Puah and Shiphrah stand in contrast to Pharaoh whose decisions will not only result in the collapse of his kingdom, but also will cause his own people great suffering. Ironically Puah and Shiphrah observe the same facts as Pharaoh does, but they name them differently. Puah and Shiphrah don’t see the tremendous growth in the Hebrew population as a possible threat to any earthly king, but rather as partial fulfillment of God’s promise to Abraham and Sarah. Puah and Shiphrah have heard the death commands from their earthly ruler, but they don’t fear the authority of Pharaoh. What draws them to act is a different kind of fear—a biblical fear—that is better translated as the “love of God.” This fear or love of God is built on a reverence and respect that comes from their experience of God.
Puah and Shiphrah have experienced the awe-filled mysteries of life and death while delivering babies into this world. These wonder-filled experiences of joy and struggle, laughter and pain, life and sometimes death have given them the strength to act according to their hard-learned God-wisdom. In their waiting, hoping, silence and the bittersweet pains of birth, they have come to know God intimately and to place all of their trust in God.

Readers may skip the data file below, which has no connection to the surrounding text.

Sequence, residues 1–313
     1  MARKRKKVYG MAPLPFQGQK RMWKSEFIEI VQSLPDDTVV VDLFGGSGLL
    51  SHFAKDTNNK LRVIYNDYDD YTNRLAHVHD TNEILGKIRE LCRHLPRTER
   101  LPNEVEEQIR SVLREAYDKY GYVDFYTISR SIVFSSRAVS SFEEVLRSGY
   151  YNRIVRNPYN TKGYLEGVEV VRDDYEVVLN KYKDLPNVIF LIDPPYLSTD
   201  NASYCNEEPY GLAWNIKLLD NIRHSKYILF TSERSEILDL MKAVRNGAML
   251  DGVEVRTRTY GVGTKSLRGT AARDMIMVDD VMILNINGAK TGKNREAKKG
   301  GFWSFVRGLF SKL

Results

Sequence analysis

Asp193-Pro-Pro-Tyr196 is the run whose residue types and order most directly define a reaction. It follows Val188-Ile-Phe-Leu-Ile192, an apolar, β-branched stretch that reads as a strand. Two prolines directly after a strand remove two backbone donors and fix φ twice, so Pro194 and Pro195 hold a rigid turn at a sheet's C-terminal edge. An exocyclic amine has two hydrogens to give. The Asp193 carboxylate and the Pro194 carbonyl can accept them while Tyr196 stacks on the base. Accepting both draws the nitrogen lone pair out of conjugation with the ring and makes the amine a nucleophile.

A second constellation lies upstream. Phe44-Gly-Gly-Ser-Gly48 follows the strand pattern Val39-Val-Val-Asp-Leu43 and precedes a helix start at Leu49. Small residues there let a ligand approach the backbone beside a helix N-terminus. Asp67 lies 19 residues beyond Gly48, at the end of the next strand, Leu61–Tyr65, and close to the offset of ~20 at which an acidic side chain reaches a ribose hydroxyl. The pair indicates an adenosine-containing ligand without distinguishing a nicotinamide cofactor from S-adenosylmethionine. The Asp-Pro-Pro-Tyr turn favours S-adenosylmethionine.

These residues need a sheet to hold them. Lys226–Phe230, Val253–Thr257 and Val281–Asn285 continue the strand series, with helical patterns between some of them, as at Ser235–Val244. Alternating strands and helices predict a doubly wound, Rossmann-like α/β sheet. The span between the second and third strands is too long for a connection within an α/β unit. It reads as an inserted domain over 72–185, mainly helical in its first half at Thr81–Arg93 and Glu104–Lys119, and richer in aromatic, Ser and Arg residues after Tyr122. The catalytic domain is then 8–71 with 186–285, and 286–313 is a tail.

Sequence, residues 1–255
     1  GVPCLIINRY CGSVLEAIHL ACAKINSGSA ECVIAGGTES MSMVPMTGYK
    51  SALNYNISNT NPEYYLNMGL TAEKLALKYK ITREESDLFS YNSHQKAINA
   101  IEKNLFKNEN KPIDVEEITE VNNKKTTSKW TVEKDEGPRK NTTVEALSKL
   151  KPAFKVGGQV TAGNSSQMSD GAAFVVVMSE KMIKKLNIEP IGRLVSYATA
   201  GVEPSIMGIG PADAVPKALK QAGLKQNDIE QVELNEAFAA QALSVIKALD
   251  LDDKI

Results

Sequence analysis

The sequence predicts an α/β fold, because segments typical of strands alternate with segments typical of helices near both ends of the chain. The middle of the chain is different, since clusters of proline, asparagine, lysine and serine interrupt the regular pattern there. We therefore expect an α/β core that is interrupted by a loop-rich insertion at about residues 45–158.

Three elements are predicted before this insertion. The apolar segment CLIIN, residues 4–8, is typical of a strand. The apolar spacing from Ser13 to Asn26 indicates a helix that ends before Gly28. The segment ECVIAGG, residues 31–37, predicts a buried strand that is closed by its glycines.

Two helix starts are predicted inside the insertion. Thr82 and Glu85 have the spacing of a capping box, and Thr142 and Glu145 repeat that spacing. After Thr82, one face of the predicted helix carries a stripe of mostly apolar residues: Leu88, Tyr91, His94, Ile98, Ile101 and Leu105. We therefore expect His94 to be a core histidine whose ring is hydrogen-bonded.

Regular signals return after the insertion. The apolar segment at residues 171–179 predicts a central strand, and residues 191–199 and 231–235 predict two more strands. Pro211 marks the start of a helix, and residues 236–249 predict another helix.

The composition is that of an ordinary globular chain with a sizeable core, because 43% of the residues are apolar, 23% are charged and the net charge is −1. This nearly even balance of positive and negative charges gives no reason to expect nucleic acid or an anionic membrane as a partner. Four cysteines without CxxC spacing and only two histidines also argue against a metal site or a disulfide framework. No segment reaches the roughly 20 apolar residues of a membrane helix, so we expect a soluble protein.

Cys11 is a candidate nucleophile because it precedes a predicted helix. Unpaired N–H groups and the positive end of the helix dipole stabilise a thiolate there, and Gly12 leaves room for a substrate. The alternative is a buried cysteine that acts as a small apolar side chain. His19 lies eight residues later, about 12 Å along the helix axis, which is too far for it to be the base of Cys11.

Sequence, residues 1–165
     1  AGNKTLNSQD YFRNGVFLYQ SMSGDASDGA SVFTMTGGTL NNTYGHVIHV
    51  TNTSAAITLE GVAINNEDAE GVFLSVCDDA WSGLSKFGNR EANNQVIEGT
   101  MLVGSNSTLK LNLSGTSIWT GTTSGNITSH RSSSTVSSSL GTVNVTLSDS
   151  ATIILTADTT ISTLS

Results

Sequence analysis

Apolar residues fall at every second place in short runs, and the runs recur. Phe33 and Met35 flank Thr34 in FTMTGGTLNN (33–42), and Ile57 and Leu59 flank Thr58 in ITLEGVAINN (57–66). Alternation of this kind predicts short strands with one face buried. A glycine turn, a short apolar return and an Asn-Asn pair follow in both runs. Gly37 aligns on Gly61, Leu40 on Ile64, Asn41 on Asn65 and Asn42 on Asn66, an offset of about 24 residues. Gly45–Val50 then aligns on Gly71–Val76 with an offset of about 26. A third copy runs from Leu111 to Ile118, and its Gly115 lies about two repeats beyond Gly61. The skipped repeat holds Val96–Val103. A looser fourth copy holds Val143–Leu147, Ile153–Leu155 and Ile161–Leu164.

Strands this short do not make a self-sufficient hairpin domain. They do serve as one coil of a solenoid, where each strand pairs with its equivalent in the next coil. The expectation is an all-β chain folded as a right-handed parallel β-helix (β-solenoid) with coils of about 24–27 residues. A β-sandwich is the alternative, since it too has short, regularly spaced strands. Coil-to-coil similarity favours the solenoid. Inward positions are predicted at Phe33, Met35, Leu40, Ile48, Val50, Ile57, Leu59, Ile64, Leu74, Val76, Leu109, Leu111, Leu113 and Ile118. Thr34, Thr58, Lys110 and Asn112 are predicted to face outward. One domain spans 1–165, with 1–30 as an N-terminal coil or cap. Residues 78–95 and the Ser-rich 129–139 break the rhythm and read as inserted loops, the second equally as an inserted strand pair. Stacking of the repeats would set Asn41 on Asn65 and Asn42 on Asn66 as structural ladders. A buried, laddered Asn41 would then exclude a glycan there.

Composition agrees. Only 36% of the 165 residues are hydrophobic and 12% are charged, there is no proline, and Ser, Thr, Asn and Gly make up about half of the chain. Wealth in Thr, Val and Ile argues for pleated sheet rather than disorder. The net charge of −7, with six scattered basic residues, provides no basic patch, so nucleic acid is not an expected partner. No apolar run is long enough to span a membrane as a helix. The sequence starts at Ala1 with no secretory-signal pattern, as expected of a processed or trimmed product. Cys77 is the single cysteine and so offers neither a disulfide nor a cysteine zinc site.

The story of Puah and Shiphrah is the story of God working behind the scenes. It’s the story of God working through the decisions and lives of ordinary people like us and Mary and Joseph as St. Matthew describes the birth of Jesus. The decisions of these two women and the others with whom they worked changed the course of the Israelite history. For them, there was no burning bush, no flash on the mountain as there was for Moses. For them, it had to do with listening and timing things right. Puah and Shiphrah were midwives, life-catchers. They caught the Israelites at birth. In other words, they caught the unwanted in their nation, the powerless, the delicate and fragile. They caught those who otherwise could be lost. In turn, God caught them and protected them. God graced these ordinary women with extraordinary insight and courage. Through their daily work within the community, God touched Puah and Shiphrah and shaped their God-fearing/loving hearts into hearts filled with integrity, wisdom, and justice.